The hacking group Legion seems to be going after high level targets, in a campaign similar to the one executed by OurMine. The Legion group does not seem to be as sophisticated as OurMine, because they are choosing targets from an already compromised data, instead of deliberately finding ways to take down marks of interest. There are some elementary safety precautions that you can take to secure yourself against attacks by groups such as Legion.
One of the OurMine takedowns of Mark Zuckerberg’s social media accounts compromised Twitter and Pinterest at one go. Zuckerberg apparently used a “dadada” as the password, even though Zuckerberg is safe enough to physically put a tape over the webcam of his laptop. Being paranoid is a good idea when it comes to information security, and every additional security measure helps, even if it is a bit of tape. The main takeaway from the attack is to use different passwords for different accounts.
The leaked passwords used by Vijay Mallya in the hack showed that he had taken this precaution to a certain extent. A number of base text strings were used, with variations added on top. Now someone who has access to these base strings and variations can attempt to guess passwords for new accounts. It is important to constantly cycle passwords for critical accounts, and not share the same passwords across services. Variations might be simple to remember, but it is more secure to have completely different alphanumeric strings.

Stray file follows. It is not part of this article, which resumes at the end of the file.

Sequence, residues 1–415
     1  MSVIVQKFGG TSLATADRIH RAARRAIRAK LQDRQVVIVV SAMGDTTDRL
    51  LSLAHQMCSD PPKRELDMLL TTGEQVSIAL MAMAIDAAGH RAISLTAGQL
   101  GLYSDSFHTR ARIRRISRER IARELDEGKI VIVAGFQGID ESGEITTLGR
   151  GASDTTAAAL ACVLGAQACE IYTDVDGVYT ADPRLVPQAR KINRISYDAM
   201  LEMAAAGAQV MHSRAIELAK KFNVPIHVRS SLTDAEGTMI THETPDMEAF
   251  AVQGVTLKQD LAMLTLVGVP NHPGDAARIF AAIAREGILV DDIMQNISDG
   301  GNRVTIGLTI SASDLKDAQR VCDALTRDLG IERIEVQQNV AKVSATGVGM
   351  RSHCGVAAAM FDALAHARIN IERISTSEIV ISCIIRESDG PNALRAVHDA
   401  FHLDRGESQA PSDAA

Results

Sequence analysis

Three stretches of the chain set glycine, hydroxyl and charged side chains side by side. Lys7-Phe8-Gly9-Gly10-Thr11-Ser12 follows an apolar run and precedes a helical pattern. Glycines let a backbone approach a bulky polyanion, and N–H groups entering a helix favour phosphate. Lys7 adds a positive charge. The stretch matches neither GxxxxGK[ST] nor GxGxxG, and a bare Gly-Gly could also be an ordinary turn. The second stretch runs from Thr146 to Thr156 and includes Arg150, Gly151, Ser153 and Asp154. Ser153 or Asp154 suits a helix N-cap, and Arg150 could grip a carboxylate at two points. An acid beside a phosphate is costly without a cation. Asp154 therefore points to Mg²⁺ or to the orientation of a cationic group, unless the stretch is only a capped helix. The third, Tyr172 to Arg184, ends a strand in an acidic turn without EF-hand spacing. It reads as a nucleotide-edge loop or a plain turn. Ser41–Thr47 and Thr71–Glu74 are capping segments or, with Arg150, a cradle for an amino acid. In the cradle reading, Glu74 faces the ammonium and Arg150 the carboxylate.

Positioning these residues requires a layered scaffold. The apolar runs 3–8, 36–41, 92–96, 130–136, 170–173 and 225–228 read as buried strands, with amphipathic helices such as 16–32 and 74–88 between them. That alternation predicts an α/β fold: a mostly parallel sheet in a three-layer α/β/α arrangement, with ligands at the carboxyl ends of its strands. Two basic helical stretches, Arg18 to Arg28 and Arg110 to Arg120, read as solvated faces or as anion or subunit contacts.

Keeping track of multiple usernames and passwords can be daunting, a secure password manager such as LastPass is better than saving your passwords in a notepad file in your email inbox. The mobile application available on iOS and Android allows users to store their passwords behind the biometric security offered by a fingerprint scanner. One common mistake is to write down your passwords on a sheet of paper, it is worse to list all your usernames and passwords on a single sheet of paper.
Constantly cycling passwords protects users from compromised dumps. If a service offers two factor authentication, it is better to activate it to prevent hostile takeovers to accounts. Most popular email, social networking and content distribution platforms support two factor authentication. Another vector of attack is through the secret questions set at time of account creation. Do not key in the actual answers to the questions, as someone who knows users personally can guess the answers. Instead use obscure questions, as well as hard to guess answers, even if a known person attempts to takeover your account. Guessing the answers to the secret questions is one of the most common ways accounts are compromised.
It is a good idea to check if any of your accounts have already been compromised. Haveibeenpwned is such a service that allows users to check if their email addresses or usernames are compromised in any of the large well known data dumps. These are large dumps of login credentials farmed from compromised third party sites.
The site will let you know in which dump your credentials appear, and you can take steps to safeguard that account. There is also a mention of what details were compromised in the particular hack. Users can sign up to be alerted when their accounts are compromised in future hacks. Checking the site periodically is a good idea to keep your accounts safe.
Be Safe… & Enjoy!